16 July Jul 2012 1647 16 July 2012 Supporting, not substituting mothers as educators

“She told me: ‘I have the perfect job for you.’ There is no perfect job, but there are circumstances through which a mother can get back onto her feet, thanks to being looked at in a new way, and begin to support others in their path of maturity.”
This is Amparito Espinoza's synthesis of her educational experience with AEDI (Acción Educativa Integrada) an AVSI educational program that benefits more than 1,600 children and their families in Quito, Ecuador, where Amparito is from, as well in the area of Portoviejo. Amparito continues her recount.
“I had just gone through a very difficult moment of my life: the loss of my son, who suffered from a congenital heart defect. It was the hardest thing that could happen to me; he was gone forever and I had been completely destroyed, with no will to live. One day I received a call from Sister Anna, who told me: ‘I have the perfect job for you.’ I was not astonished, because she was constantly inventing things to keep me busy, so that I wouldn’t be sad. I went to the interview, and in that little room, I saw a red-haired lady with a sweet smile and bright eyes; that was how I met Stefania Famlonga, AVSI Country Representative in Ecuador.
I began to get involved working with AVSI on November 1, 2004, participating in PelCa (Prescolar en la Casa): a program of early childhood education for children from 0 to 5 years of age living in challenging rural or urban environments with the aim of supporting mothers in their educational task. The goal is to strengthen the educational role of parents, particularly mothers, by providing training and basic tools to favor their children’s all-around development. The central idea is that only beginning with education can a people become free again in the face of difficult situations.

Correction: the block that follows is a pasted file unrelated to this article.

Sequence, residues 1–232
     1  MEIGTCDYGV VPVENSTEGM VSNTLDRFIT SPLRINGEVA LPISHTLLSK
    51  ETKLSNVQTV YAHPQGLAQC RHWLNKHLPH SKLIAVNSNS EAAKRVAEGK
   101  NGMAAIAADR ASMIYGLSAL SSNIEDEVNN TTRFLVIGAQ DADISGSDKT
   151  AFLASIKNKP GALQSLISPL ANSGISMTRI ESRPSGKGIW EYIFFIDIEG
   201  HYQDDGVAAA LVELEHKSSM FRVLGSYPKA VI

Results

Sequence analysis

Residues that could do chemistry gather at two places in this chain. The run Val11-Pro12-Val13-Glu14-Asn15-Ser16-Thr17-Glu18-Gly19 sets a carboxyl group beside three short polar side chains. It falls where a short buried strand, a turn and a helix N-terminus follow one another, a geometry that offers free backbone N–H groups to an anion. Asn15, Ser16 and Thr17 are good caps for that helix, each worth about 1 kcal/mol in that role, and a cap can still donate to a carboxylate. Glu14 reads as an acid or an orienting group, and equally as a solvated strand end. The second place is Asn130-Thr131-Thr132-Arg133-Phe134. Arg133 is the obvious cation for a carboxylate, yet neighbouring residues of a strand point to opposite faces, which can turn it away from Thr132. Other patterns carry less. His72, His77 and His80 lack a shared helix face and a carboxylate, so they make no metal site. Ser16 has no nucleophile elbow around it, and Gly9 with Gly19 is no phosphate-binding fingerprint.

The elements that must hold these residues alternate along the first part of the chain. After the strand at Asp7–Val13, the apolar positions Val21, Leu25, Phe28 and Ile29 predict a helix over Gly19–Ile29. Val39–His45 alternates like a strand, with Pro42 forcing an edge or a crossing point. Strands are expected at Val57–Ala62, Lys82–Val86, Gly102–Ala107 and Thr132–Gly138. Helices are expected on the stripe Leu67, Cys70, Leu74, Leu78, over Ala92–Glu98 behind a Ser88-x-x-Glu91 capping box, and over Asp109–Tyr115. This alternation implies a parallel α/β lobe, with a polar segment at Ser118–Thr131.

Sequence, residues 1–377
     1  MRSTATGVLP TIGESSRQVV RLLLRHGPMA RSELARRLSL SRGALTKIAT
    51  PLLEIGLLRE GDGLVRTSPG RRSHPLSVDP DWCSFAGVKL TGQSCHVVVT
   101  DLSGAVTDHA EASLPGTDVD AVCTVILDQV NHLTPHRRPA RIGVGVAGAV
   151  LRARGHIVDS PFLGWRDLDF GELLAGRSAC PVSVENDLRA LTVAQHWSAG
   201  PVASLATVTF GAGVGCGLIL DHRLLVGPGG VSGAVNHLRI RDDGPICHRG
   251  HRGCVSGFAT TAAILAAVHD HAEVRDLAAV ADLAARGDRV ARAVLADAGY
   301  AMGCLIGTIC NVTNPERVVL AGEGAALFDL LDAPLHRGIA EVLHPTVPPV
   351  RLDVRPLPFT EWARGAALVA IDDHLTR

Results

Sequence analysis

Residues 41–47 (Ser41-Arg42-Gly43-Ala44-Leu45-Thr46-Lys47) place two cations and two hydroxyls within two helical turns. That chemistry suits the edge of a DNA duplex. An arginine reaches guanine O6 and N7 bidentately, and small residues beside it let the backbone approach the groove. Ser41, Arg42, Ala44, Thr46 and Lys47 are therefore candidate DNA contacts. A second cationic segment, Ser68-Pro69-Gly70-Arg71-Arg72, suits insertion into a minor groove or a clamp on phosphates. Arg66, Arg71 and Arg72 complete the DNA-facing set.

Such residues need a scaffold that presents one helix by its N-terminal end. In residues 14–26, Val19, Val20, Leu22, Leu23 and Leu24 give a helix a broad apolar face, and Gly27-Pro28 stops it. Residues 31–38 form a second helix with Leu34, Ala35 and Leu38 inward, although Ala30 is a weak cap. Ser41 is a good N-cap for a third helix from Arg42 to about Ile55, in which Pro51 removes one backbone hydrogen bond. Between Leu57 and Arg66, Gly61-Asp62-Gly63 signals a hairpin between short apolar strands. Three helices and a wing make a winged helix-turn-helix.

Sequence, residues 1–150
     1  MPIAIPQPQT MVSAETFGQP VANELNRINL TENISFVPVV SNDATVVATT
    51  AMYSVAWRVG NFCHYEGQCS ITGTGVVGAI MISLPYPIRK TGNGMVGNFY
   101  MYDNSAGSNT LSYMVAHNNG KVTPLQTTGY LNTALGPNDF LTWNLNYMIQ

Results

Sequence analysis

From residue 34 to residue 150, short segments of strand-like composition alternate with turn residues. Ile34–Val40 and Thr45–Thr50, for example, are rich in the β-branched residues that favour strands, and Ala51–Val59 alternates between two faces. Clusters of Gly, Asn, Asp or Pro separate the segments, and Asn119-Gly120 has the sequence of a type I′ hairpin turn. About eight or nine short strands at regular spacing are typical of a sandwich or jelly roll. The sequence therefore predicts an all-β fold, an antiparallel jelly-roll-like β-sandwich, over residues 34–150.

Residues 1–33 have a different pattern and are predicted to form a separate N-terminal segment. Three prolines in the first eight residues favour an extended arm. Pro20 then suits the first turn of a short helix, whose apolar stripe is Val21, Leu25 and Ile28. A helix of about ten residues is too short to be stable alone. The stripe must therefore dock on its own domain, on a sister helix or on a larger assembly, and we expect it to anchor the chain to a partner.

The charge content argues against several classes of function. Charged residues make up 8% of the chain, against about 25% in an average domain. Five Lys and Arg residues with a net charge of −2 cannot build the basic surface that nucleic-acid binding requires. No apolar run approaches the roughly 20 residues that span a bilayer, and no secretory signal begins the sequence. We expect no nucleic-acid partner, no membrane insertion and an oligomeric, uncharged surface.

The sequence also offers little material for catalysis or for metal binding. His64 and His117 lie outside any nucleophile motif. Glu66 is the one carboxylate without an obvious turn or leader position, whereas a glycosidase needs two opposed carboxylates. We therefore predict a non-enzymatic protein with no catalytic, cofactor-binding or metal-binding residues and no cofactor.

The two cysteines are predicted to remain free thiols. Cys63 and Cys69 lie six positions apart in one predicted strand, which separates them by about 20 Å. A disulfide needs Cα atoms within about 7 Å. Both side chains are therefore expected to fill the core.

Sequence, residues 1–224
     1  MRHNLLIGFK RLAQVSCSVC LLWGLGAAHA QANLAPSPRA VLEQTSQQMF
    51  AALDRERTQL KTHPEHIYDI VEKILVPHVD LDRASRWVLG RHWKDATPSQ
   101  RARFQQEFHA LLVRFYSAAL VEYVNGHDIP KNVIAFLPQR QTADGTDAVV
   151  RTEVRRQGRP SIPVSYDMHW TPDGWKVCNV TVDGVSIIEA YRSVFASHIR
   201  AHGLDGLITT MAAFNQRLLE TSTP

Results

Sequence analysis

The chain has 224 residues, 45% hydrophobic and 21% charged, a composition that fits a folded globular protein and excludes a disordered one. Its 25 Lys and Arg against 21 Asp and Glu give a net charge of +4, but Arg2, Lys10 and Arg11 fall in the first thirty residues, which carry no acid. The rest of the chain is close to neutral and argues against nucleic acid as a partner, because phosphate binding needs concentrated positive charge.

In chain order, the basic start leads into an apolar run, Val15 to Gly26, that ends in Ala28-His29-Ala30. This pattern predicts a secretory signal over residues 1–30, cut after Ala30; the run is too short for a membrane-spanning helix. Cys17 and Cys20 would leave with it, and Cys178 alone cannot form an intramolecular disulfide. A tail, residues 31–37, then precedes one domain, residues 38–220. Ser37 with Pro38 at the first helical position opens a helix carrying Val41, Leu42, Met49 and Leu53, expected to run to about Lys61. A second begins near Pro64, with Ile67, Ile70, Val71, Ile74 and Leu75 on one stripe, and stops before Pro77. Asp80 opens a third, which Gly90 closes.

After a while, I began to go with Stefania to visit the homes of the families involved in the project. Gradually, I became aware of the needs, the suffering and the sadness of many of the mothers whom we visit, and this has filled the huge void that was left by the death of my little one. This work has made me grow so much as a woman and as a mother, and up to today the greatest responsibility I have is still to communicate to the new educators what I have first received over these years.
In the time that has passed, we have seen the mothers become more and more the protagonists of their own lives; some mothers involved in the program now work for AVSI, having been recognized for their strong sense of maternal responsibility. You can see how much it is possible for a person to be changed when someone looks at her in a new way.
It’s not enough that someone teaches you to do a job, but you need to be accompanied along the road you must travel; you need people who support and stay with you for your whole life. This is what you get when you find a friend or community of friendship.
All this helps a mother to become more aware of the hope that lies in her children, and that they have a heart like her own, which is always seeking truth and happiness, as evidenced by the words of the mother of Efren, a child involved in PelCa: ‘Only if we, as mothers, help our children to discover the beauty and love of all that exists can we also motivate them to study not only for a good grade but for something greater.’